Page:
Transformation: The Story of Creating EBW
And Then One Day, You’re Open
“The new facility we built at Christie and St. Clair, the Green Barns, put us in a new world. All of a sudden it was like we had an overnight success—that took 13 years to happen.”
—Nick Saul, Executive Director, The Stop Community Food Centre
One day, you wake up and your design and construction project is complete. And in a sense, that is when the real work begins. As we got closer to opening day, we came to understand that a much different kind of organization had emerged through the process of creating Evergreen Brick Works.
For one thing, we were bigger. Over the eight years of creating Evergreen Brick Works, Evergreen had grown four-fold, from about 25 staff to over 100, and from an annual budget of approximately $3 million to over $10 million. more staff, more money, a physical plant and our growing profile introduced a new lexicon of risk management, project management, accountability. “There is something I call the hippie shit attitude that goes ‘don’t worry—it will all work out.’ And I think that’s why in some circles the not-for-profit world has been regarded as less than efficient,” says David House.
Growing Pains – Who Will Drive the Zamboni?
Our opening was a success. Programs were launched and the public was coming to Evergreen Brick Works. But internally, we were scrambling to keep pace with the growth, adding new processes and systems to streamline activities and appreciating the importance of risk, and project and human resource management. With construction complete and our doors open, the new responsibility of filling the buildings with creative, evolving programs became our new reality.
A seven-day-a-week, four-season operation with new staff doing new kinds of jobs represented a big shift from our 20 years of a small, but growing, office culture. When organizations get more successful, the stakes become higher. “For Evergreen, it really changed our culture,” says Seana Irvine. “Until about the last year I never talked about risk. It was more about ‘okay, how do we do this?’”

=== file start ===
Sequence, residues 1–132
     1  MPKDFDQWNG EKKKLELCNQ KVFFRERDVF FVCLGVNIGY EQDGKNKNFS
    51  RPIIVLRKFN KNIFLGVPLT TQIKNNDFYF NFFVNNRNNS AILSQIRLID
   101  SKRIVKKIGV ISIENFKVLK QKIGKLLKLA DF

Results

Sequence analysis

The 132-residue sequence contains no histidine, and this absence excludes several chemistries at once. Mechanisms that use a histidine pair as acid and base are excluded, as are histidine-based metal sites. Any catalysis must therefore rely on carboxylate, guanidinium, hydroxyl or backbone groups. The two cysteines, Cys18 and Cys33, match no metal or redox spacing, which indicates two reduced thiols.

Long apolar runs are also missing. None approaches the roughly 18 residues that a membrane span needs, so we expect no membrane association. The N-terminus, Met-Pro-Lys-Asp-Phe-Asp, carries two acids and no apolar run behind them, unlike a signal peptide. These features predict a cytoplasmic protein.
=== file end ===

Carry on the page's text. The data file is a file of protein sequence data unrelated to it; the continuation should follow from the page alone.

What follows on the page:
“There is a new risk management framework that’s been thrust upon us over the last five to ten years,” says David Stonehouse. “Everything’s seen in terms of risk. But it’s a useful framework in the sense that it forces you to take certain things seriously.”
Risk is a constant balancing act. “If we had been more cautious in our risk management, this project would not exist,” says Geoff Cape. “What we can’t do is lose the essence of the organization that made success so far possible. In other words, we have to hold on to what we’re great at. We can’t let risk management get in the way of thinking big and taking leaps.”
In other words, risk management cannot stifle the organization’s creative soul. The trick, say social entrepreneurs, is not to lose the core of what made the organization great in the first place, that spirit of determination, DIY attitude and passion that commits them to their cause in the first place. “Evergreen staff were ready to put on their hard hats and construction boots if they needed to go to the new office before it was built,” says David House. “That’s cool.”
To adapt to the new responsibilities, we added new roles in senior management and business development and went through various structural iterations. But implicitly we understood the need to continue to harness the strengths of our staff and remain adaptable to the opportunities for interdepartmental collaboration, even if these were not always clear from a procedural standpoint.
“If you run a bank I think you need defined roles. I think one of the things that attracted me to Evergreen is that you do not get pigeonholed here,” says George Dark. “There’s a lot of multi-tasking going on here, because people are allowed to have different opportunities and they are allowed to grow into them. They are allowed to take on and not fail, but take on and see how far you can actually take something forward.
“I run a private sector practice with 80 people. We’d never been allowed to do that. I think it’s part of the great survival culture that exists here. Because there is a lot of cross-pollination going on. The world needs more cross-pollination. And this is living proof of people doing that.”
“Growth is hard. Turns out I’m not much of a manager. You have a social entrepreneur who’s doing the thing and who can make that happen, and is passionate and engaged about it and then all of a sudden you have to worry about HR performance evaluations, and it’s like WOW this is hard stuff… All of a sudden hierarchy emerged in our organization and I’m like what the hell is this, that’s not us. That doesn’t reflect our values.”
—Tonya Surman, Executive Director, Centre for Social Innovation